Skip to content

Never Eat Microwaved Food Without Doing This First, CDC Says

Making a microwaved meal only takes minutes—and so does getting food poisoning.

When you want a meal and you want it fast, you probably head straight for your microwave oven. But experts at the Centers for Disease Control and Prevention (CDC) warn that all too often, you may be skipping a crucial step in your meal-making process—and one that ensures your safety. Their experts say that you should never eat a microwaved meal without doing this one thing first and you could be putting your health at risk if you skip this step. Read on to find out if you've been making this risky move and how to keep yourself safe.

RELATED: 7 Foods You Should Never Put in Your Slow Cooker.

Don't eat microwaved food without checking its temperature first.

According to the CDC you should never eat microwaved food without first checking its temperature with a food thermometer—especially if you're heating meat. "When you think your food is done, place the food thermometer in the thickest part of the food, making sure not to touch bone, fat, or gristle," the health authority advises. Checking more than one part of your food will help alert you to a microwave that cooks unevenly.

CDC experts say that your thermometer should in most cases reach a minimum of 165 degrees Fahrenheit, "a temperature hot enough to kill germs."

RELATED: Never Do This Before Washing Your Fruits and Vegetables, CDC Warns.

Reheating food below this temperature could be a serious health hazard.

hand opening door of microwave

Failing to microwave your food to a safe temperature can put you at increased risk of food poisoning. Experts say this holds true regardless of whether you're cooking pre-packaged microwavable meals or yesterday's leftovers—both of which have been linked to Salmonella and Listeria outbreaks.

"Thorough cooking in the microwave is especially important because, contrary to popular belief, microwaves don't cook food from the inside out," warns Consumer Reports. "The microwaves only penetrate food to a depth of about one to one and a half inches. At the center, thicker foods cook by conduction, as the heat moves from the outside in," their experts explain.

Of all foods, poultry is perhaps the most likely to make you sick when improperly microwaved. "In our tests for bacteria in fresh chicken published in 2007, we found that 83 percent of the birds harbored campylobacter or Salmonella, a stunning increase from 2003, when 49 percent of the birds tested harbored one or both pathogens," says Consumer Reports.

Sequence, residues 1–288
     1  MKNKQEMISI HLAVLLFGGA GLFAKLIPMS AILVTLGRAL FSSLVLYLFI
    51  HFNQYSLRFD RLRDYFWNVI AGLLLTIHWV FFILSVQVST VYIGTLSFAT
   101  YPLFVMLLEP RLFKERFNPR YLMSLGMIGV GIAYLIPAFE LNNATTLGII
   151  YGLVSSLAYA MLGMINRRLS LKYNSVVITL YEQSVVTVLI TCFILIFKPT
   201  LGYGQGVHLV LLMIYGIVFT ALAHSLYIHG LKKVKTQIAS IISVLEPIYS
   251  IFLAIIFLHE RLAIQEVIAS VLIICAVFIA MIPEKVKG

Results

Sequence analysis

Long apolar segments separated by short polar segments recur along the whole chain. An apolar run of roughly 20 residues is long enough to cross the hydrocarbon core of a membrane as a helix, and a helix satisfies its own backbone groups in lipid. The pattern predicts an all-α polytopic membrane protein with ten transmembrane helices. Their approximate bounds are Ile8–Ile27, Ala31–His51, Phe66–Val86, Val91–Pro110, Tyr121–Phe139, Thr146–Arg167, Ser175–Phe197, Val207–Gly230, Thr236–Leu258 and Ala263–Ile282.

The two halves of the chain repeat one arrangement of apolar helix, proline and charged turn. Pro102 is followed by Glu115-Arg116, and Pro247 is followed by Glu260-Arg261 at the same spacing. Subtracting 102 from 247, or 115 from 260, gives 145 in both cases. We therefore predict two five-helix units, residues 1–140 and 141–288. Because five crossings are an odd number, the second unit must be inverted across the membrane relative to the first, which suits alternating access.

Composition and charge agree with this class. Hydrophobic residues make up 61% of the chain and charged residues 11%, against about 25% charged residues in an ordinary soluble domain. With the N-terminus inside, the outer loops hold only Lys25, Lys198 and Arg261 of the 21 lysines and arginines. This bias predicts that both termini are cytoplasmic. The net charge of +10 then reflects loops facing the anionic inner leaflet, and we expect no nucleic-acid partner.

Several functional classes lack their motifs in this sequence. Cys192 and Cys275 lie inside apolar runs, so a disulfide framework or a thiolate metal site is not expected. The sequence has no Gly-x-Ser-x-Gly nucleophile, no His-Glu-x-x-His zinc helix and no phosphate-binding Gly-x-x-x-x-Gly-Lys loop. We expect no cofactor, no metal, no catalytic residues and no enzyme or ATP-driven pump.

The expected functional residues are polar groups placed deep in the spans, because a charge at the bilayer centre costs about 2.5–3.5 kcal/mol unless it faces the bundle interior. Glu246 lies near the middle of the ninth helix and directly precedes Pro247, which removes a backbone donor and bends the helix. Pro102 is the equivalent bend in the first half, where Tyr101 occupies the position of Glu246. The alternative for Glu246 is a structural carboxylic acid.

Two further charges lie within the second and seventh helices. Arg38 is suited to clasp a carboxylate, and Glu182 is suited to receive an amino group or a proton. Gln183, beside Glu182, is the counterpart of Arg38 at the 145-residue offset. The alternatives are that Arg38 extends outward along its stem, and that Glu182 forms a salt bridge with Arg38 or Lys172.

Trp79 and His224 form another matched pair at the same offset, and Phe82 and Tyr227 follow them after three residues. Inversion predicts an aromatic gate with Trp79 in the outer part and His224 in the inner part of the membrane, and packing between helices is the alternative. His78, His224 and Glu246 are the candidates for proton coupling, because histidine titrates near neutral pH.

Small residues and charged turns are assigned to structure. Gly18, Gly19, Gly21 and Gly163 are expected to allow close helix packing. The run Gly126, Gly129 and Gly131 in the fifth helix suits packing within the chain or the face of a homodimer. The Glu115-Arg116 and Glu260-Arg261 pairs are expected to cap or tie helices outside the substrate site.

However, the safe minimum temperature may vary depending on what you're cooking.

Woman heating up microwave dinner

The CDC notes that some meats require higher minimum temperatures than others. Their experts say that all poultry should be cooked to 165 degrees Fahrenheit, while ground beef, lamb, and pork must reach a minimum of 160 degrees Fahrenheit. Fish can be lower still, at 145 degrees Fahrenheit. Heat other cuts of beef, pork, and lamb, such as veal chops, roasts, and steaks to at least 145 degrees Fahrenheit, then let them stand for three minutes before serving. Doing so enables the food to continue cooking after the microwave turns off and gives food a more consistent temperature throughout, the CDC explains.

For more food safety news sent directly to your inbox, sign up for our daily newsletter.

>Adjust your cooking time depending on your microwave's wattage.

woman removing microwaveable meal from white microwave

The CDC recommends looking up your microwave's wattage, either in the owner's manual, the manufacturer's website, or inside the oven's door. If your microwave has a lower wattage—typically meaning between 600 and 900 watts—it means your food may require a longer cooking time.

When in doubt, a food thermometer will take the guesswork out of whether or not your meal is safe and ready to eat.

RELATED: This Is the New No. 1 Cause of Food Poisoning, CDC Study Says.

Lauren Gray
Lauren Gray is a New York-based writer, editor, and consultant. Read more
Filed Under
 •  •